While acupuncture is widely accepted as a viable method of healthcare, the available evidence shows it has no effect at all. An academic study was conducted in the Department of Internal Medicine at Technische University in Munich, Germany. Thirty-four healthy volunteers received two laser acupuncture treatments at three acupuncture points LI4 (hégu), LU7 (liéque), and LR3 (táichong); once by a functional laser and once using an inactive laser in randomized order. The only method of tracking client response to acupuncture is called the MGH Acupuncture Sensation Scale (MASS) and this method is simply asking the client how they felt from each acupuncture treatment. In this study, the treatment with the inactive laser got the same positive response from all 34 participants, even people that have never had an acupuncture treatment before in their lives. If a laser that isn’t even turned on elicits the same positive response as targeted, laser-accurate pressure on the traditionally-used acupuncture sites of the body, this method cannot be considered a scientific method of accruing data that can be used to gauge effectiveness. Simply telling people they are getting acupuncture is enough to get them to say it is effective.
Practitioners of acupuncture claim this field of healthcare works by interrupting the flow of a force called “Qi” using pressure or needles. “Qi” has never been observed or measured, therefore, no truly scientific method could ever have been produced to show or even suggest it exists. Belief in the existence of “Qi,” an unobservable, non-measurable force, is perpetuated by those who claim it is the mechanism by which acupuncture works and acupuncture is their primary source of income. Any data interpreted using MASS by someone who has a financial interest in proving their field of healthcare works would be skewed in favor of effectiveness by that interest.
Contrary to the popular belief that acupuncture as we know it has been around for “thousands of years,” it actually has its roots in 18th century France. The Chinese did practice a version of acupuncture but it did not include any mention of “Qi” and had nothing in common with the modern practice except its use of a type of needle. Archaeologists who discovered these needles in ancient Chinese sites reported the needles to be quite large (up to a foot long) and there were a number of skulls near the needles with holes in them, suggesting people had died by this method. The modern methods we see today are quite different and were invented by French doctors who resurrected a vague Chinese tradition using much smaller needles that wouldn’t kill the patients. They also added their own techniques, including an explanation for acupuncture’s success being a manipulation of “Qi.”
An imitation of the French version was introduced to England in 1821 by Edward Joukes, a male midwife who administered needles, using the French method, to a woman who was complaining of “pains in her loins.” There was no study of her condition after the needles were administered. After a French doctor, Chevalier Sarlandiere, claimed this account of a French method having been a success in a French medical journal, doctors in America also began to espouse its benefits. Franklin Bache, the great-grand son of Benjamin Franklin, discussed the practice in various medical journals across America in 1826, giving it a positive review based on the article in the French journal. None of these Americans actually tried the method or tracked its success rate. As the French version was reputed to have come from “ancient Chinese traditions,” American doctors then began to ask Chinese settlers about the details of the method. Poor but smart Chinese settlers added to the French details and then began to offer this service for money, as it paid well, caused no harm, and elicited a positive response from the clients. This is where modern acupuncture became part of Chinese culture and the Chinese names for the acupuncture points were adopted.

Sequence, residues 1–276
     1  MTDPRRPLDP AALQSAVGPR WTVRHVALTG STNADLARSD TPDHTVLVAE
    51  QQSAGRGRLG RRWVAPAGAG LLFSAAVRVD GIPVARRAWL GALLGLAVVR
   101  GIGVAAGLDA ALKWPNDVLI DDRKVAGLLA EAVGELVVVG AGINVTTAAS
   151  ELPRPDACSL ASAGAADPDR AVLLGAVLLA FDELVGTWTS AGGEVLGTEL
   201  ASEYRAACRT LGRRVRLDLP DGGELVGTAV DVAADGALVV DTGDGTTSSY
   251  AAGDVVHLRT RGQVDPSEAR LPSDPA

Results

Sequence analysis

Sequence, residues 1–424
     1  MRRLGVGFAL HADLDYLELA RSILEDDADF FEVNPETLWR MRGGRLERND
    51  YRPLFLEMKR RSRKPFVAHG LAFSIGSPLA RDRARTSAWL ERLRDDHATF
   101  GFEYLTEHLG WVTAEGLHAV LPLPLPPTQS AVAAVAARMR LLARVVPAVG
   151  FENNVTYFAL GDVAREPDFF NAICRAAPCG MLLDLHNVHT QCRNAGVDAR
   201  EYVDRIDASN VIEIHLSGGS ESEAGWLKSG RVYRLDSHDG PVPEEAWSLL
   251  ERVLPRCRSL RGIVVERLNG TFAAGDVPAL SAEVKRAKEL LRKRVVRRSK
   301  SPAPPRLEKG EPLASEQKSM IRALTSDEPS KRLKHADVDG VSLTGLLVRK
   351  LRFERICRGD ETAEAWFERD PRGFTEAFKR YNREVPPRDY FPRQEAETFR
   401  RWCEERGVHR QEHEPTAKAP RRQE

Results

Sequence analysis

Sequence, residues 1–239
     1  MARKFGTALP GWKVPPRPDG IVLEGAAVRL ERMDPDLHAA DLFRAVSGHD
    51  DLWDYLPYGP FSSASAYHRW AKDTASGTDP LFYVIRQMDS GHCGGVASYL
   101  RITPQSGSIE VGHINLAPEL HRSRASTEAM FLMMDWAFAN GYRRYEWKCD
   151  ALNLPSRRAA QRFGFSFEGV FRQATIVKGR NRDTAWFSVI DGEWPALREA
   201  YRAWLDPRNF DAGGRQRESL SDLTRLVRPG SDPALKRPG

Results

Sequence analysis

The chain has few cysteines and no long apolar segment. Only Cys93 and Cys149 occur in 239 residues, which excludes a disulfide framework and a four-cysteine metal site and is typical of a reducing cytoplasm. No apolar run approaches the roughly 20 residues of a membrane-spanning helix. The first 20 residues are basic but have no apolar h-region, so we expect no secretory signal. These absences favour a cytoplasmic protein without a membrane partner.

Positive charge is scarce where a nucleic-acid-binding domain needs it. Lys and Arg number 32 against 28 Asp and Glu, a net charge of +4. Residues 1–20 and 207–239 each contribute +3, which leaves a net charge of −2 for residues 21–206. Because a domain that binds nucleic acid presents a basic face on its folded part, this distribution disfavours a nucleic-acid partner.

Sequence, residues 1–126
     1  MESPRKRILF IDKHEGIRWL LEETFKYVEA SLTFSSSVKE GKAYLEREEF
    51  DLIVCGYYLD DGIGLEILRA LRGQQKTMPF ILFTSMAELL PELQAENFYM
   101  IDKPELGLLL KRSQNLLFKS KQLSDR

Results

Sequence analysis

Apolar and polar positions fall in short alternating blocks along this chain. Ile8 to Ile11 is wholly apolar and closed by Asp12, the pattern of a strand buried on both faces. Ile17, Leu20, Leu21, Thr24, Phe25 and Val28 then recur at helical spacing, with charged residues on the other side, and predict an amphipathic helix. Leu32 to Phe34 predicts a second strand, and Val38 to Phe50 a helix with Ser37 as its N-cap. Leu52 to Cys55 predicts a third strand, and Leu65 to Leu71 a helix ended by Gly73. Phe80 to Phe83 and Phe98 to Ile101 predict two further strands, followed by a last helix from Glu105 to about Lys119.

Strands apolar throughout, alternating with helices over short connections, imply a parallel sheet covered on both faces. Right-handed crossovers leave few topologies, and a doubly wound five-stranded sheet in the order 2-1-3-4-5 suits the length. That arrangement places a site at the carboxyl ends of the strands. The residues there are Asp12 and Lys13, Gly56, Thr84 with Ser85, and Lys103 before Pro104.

A closer look at the history and the various styles of acupuncture will reveal that it is a relatively new phenomenon and it has no common method. There are Japanese, Thai, Korean and Indian versions, most of which were all invented in the last few decades. Some styles call for the insertion of needles, some use touch and others simply wave their hands over “energy meridians.” Practitioners from all these schools of acupuncture claim clinical efficacy, but none have proven its worth under rigorous scientific examination.
It is also worth noting that acupuncturists mainly claim to treat illnesses that are psychosomatic (impotence), intermittent (headaches, acne) or sicknesses that will always clear up eventually (the common cold). There are also a variety of endorphins and steroids (cortisol) that are released when the skin is punctured that will block some pain for a short duration of time; however, this can be likened to kicking someone in the knee to stop them from feeling their headache.
With no evidence for the existence of “Qi,” no common practice to evaluate, little historical evidence of a cultural phenomenon and empirical evidence contradicting its usefulness, acupuncture should not be allowed into modern healthcare. As patients expect to trust the advice of their medical community, discussing acupuncture frankly and honestly is a necessity in a field propagated by integrity. This editorial has been completely honest with its readers, whether they like it or not. Can we be honest with ourselves when we are presented with documentation that challenges our belief structures? Yes, we can.